Saturday, February 16, 2013

Quality of Sources: "The Woman's Encyclopedia of Myths and Secrets"

Among Acharya S's favorite sources we find Barbara Walker amply represented. In fact, with over 180 references, Walker beats Higgins' roughly 120 by a significant amount.

Barbara Walker is of course highly respected in some quarters, and her writing did serve an important purpose at a time. This purpose, however, could be just as well served with less shoddy scholarship. Empowering women by telling them lies can work temporarily, but in the long run, it weakens the cause of gender equality.

I fear criticizing Walker a tad - criticizing such a widely cited feminist may seem as though I object to her feminism. I do not. I could of course write something dumb here like "why would I be anti-feminist, many of my best friends are women!", and although that would be true, it would also lead the discussion onto an irrelevant sidetrack. I maintain that shoddy scholarship is shoddy scholarship no matter what conclusions it reaches, and that shoddy scholarship indeed can be used to prop up any thesis: even the sciences have been supported by shoddy as well as good research.

At times, the scholarship in Walker's works is so shoddy, you do not even need to look up sources elsewhere: looking up the source she cites, you find it saying something quite different from what she says it says. An example:

Female soul, from the roots an, "heavenly," and ma, "mother," recalling a time when all souls were supposed to emanate from the Heavenly Mother.1 In the 16th century A.D. Guillaume Postel said every soul had male and female halves, the animus and anima. The male half had been redeemed by Christ, but the female half was still unredeemed and awaited a female savior2. This was a new development of the old Christian view that only males had any souls at all. The third canon of the Council of Nantes in 660 A.D. had decided that all women are "soulless brutes."3 [...]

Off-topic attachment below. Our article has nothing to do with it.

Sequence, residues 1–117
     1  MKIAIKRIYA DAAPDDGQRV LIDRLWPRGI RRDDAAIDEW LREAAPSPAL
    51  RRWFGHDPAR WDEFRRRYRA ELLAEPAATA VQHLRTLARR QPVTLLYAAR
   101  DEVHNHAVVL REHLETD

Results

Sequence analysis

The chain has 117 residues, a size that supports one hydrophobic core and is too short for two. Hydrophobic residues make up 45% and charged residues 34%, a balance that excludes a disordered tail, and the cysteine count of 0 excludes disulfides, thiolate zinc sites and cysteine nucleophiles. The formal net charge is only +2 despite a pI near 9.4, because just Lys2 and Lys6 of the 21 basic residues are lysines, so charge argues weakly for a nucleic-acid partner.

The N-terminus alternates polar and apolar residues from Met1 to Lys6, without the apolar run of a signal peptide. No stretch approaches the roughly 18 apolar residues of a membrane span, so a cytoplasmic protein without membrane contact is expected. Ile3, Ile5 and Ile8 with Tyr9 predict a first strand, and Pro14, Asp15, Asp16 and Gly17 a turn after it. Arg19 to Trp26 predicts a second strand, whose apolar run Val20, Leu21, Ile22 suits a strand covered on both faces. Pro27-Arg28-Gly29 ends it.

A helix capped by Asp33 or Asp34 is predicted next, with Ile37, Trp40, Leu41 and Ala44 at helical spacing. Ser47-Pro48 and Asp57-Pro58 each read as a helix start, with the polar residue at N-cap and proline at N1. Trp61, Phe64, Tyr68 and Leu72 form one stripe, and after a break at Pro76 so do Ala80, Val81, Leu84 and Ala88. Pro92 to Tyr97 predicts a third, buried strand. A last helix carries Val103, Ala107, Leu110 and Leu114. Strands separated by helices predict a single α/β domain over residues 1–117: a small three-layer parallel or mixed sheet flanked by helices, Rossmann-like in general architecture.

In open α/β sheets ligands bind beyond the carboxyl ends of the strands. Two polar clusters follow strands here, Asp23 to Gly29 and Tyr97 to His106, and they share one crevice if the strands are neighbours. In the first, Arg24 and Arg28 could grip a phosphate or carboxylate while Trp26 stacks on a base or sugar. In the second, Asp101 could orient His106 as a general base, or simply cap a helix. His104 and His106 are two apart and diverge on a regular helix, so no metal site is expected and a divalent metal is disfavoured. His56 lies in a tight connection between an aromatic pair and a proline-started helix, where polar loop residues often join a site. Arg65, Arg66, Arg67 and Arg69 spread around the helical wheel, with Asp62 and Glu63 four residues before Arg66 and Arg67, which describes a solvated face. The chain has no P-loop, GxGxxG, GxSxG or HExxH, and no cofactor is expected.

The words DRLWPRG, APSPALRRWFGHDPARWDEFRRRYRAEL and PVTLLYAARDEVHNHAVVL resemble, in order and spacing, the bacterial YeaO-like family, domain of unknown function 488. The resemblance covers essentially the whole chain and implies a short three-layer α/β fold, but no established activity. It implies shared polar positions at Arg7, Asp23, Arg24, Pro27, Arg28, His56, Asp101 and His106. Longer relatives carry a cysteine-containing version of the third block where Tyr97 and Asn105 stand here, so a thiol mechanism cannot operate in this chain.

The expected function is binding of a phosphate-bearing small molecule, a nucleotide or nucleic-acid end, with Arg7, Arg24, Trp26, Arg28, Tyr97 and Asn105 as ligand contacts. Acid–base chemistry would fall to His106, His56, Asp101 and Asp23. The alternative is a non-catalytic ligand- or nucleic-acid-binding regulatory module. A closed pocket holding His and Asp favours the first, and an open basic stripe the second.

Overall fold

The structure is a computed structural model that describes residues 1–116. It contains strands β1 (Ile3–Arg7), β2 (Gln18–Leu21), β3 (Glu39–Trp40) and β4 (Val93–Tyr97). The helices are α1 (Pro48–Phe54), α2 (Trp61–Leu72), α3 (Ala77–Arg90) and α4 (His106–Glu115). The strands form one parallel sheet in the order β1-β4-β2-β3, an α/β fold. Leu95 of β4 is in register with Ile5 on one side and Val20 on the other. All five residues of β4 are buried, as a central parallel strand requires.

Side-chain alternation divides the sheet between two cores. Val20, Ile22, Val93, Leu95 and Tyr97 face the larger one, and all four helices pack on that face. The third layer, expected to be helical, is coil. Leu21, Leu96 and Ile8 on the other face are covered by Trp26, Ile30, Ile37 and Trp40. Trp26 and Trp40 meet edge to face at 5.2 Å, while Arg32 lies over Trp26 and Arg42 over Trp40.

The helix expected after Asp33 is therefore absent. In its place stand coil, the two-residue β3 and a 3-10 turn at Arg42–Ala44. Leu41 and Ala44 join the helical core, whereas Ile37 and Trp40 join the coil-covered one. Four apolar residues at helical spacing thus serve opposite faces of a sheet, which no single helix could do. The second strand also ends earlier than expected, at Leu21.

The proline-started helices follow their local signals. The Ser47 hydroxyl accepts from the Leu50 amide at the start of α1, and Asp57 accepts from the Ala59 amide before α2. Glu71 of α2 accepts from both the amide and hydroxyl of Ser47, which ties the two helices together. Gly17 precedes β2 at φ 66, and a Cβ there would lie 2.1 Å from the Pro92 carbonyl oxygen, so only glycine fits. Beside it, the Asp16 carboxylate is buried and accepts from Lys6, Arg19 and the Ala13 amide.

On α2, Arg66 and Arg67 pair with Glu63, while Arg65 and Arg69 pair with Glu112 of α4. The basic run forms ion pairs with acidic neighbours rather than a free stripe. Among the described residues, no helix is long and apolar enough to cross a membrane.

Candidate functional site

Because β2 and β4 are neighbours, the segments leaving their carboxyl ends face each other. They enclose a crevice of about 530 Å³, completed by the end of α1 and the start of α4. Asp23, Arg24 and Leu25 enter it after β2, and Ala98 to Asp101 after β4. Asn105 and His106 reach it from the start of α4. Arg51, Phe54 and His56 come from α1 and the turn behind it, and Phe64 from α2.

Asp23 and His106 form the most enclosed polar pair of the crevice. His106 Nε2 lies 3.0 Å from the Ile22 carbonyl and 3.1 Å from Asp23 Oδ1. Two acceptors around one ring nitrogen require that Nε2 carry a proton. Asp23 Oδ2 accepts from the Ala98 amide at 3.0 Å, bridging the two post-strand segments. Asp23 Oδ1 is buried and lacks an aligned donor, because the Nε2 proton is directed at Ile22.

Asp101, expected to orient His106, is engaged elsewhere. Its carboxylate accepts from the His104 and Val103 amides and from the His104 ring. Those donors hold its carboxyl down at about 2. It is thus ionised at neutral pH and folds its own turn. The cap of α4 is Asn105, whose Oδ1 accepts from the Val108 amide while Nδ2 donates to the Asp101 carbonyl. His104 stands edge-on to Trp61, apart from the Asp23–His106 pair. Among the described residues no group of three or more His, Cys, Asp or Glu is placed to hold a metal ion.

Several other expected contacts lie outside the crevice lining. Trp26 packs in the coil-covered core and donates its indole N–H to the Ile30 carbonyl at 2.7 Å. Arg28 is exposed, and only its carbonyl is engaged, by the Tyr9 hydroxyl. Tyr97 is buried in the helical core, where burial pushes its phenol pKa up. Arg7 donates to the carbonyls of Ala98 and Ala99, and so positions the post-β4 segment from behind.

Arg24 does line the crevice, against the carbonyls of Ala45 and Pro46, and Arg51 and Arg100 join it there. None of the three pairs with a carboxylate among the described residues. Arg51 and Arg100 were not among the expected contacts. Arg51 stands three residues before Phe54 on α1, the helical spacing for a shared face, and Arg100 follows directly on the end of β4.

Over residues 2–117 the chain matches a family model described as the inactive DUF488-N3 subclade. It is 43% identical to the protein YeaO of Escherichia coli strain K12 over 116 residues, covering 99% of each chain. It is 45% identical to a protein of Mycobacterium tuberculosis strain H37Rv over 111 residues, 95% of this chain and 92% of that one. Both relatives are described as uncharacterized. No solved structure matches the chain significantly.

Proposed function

1. Graves W.G. 410. 2. Seligmann, 223. 3. Dreifus, 4. 
Graves' The White Goddess is a book that has repeatedly been republished ever since its publication - the copy I have borrowed does not have the same pagination. However, reading a few dozen pages and doing some simple arithmetics, I think I found the bit she is referring to here, on page 371 of the edition I have access to (bolding by me, not by Graves):
Ovid and Virgil knew their Goddess Anna Perenna to have been a sister of Belus, or Bel, who was a masculinization of the Sumerian Goddess Belili; so also the god Anu, of the Babylonian trinity completed by Ea and Bel, was a masculinization of the Sumerian Goddess Anna-Nin, usually abbreviated to Nana. Bel's wife was Belit, and Anu's wife was Anatu. Ea's wife, the third member of the Sumerian female trinity, was Dam-Kina; the first syllable of whose name shows her to have mothered the Danaans. Anna-Nin has further been identified by J. Przbuski in the Revue de l'Histoire des Religions (1933) with Ana-hita the Goddess of the Avesta, whom the Greeks called Anaitis and the Persians Ana-hid-- the name that they gave to the planet Venus.
Mr. E. M. Parr writes to me that An is Sumerian for 'Heaven' and that in his view the Goddess Athene was another Anna, namely Ath-enna, an inversion of Anatha, alias Neith of Libya; also that Ma is a shortening of the Sumerian Ama, 'mother', and that Ma-ri means 'the fruitful mother', from rim, 'to bear a child'. [2]